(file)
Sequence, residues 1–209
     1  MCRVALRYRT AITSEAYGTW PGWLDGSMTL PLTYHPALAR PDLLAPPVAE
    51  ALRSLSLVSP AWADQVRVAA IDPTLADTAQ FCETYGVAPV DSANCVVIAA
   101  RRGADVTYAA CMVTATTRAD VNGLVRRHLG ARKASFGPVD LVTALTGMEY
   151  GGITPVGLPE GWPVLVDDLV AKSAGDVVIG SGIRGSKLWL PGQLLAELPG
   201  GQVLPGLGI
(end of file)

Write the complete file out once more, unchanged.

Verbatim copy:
Sequence, residues 1–209
     1  MCRVALRYRT AITSEAYGTW PGWLDGSMTL PLTYHPALAR PDLLAPPVAE
    51  ALRSLSLVSP AWADQVRVAA IDPTLADTAQ FCETYGVAPV DSANCVVIAA
   101  RRGADVTYAA CMVTATTRAD VNGLVRRHLG ARKASFGPVD LVTALTGMEY
   151  GGITPVGLPE GWPVLVDDLV AKSAGDVVIG SGIRGSKLWL PGQLLAELPG
   201  GQVLPGLGI